Spark plugs, if they are not 100,000 mile plugs (Iridium, platinum tipped etc) every 30k.
    If they are 100,000 mile plugs then at 80k. Dodge 5.7 liter owners should never use platinum plugs. Resistance is too great and you'll kill your coils. (use the iridium instead)

    Here's why we change spark plugs regularly: The electrical current has to jump a preset gap in order to create a spark.
    As the plug wears that gap slowly expands. This makes it harder for the spark to be created because it now must jump further putting added work on the coils.
    The coils now must work harder and harder and after too many miles on the spark plugs you'll end up having to replace the coils and spark plugs. Change the plugs regularly and you will save big$$$ on not replacing coils. Coils are not cheap. No no no they are not.

    Fuel system........ Pay attention
    Some vehicles have a replaceable fuel filter. Replace it every 30k
    I have not seen a clogged fuel injector since December 1986.
    You DO NOT need a fuel injector flush/cleaning ever. The fuels we use in our cars now days are extremely clean ( it is the law)and burns super well. Not like it was in the 70-80s

    What you do need every 30k is a
    Fuel induction system cleaning service.
    This service cleans the Throttle Body (think carburetor) including the IAC motor (Idle air control motor) [it's a little plunger like devise that controls idle.] Cleans out the intake plenum of all deposit build up so the air flows to the engine properly.
    The Throttle Body mounts to intake plenum, as a unit they provide a path so the air gets to the pistons from the airfilter via that big black rubber hose where the airfilter is.
    This cleaning service also cleans the top of the piston and piston ring lands of deposits.
    Cleans the backside of the Valves and cleans the valve seats.
    This service if done properly is one you'll feel immediately after driving off the lot.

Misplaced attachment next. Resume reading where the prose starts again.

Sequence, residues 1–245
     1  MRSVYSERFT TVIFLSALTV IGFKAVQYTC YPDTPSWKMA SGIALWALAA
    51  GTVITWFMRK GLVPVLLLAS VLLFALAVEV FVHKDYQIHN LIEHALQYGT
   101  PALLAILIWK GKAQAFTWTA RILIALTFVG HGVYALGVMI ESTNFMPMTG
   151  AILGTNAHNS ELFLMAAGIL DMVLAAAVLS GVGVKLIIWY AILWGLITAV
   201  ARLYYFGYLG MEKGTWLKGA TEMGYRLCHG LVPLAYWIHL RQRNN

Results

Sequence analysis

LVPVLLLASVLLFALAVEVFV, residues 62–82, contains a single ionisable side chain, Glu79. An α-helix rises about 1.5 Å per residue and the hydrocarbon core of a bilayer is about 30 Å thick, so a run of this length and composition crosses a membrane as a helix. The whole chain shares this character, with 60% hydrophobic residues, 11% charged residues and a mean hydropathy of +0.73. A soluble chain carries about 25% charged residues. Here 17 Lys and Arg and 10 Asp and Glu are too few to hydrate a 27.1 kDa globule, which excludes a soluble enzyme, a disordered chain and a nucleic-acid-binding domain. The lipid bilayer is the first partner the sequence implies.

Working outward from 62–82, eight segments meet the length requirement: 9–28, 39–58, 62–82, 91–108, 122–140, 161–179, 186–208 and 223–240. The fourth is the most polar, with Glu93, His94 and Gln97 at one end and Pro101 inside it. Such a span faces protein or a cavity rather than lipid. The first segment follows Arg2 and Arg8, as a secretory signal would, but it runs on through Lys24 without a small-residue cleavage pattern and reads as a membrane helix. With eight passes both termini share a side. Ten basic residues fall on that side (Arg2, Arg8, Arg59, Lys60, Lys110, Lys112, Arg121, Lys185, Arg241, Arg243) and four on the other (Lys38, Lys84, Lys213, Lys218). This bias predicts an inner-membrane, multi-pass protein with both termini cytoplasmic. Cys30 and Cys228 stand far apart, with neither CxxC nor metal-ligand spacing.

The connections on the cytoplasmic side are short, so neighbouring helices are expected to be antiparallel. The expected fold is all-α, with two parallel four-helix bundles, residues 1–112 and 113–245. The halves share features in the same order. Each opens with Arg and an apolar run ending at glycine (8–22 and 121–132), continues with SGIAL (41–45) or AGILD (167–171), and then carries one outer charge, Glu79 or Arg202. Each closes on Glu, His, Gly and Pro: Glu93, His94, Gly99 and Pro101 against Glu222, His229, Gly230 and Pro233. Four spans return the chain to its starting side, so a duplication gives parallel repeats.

Replace the air filter regularly.
    If the kid at “All we do is oil changes INC” says you do, just do it... What is the worst that can happen, You get a nice shinny new air filter.
    He's not trying to steal your $$ in fact he doesn't get your $$$ there is zero in it for him to replace your air filter, just extra work for him,
    Do this, “Put a wash cloth over your nose and mouth, now run a mile. Are you out of breath?

    Same with
    You need an alignment: Go look at your tires, are they wearing funny? If so you probably need more than an alignment, you need front end parts and then an alignment.
    Haggle alignment prices with them. It takes a whole 15 min to do an alignment.

    I have seen dealers now that put on sensors as soon as you drive in the write up area,
    This is CROOKED AS HELL.
    Leave and go somewhere else.
    They can not tell if you car needs an alignment by just sticking sensors on your car. They have to do other measurements (Using the proper equipment) before it is determined your alignment is out.
    What a scam.

    Rotate your tires every oil change Regardless. Every oil change. You'll be surprised at how many miles you can get of of a set of tires just by rotating.

    I like to keep my best tires on the front and rotate every oil change for best wear.
    Try to keep the tread wear even.

    How do I know all this???
    I am a ASE Master Automobile Technician. Have been for 30 years.
    The 5 years before I got master I had at least 1 ASE certification.
    I also have an FAA Airframe and Powerplant License.
    I know just a tad more than the guy that put a ¾ cam in his engine. I always ask that guy why he didn't put a whole cam in his engine, it would run better with a whole cam.

    Hit me up at [Email removed] for questions.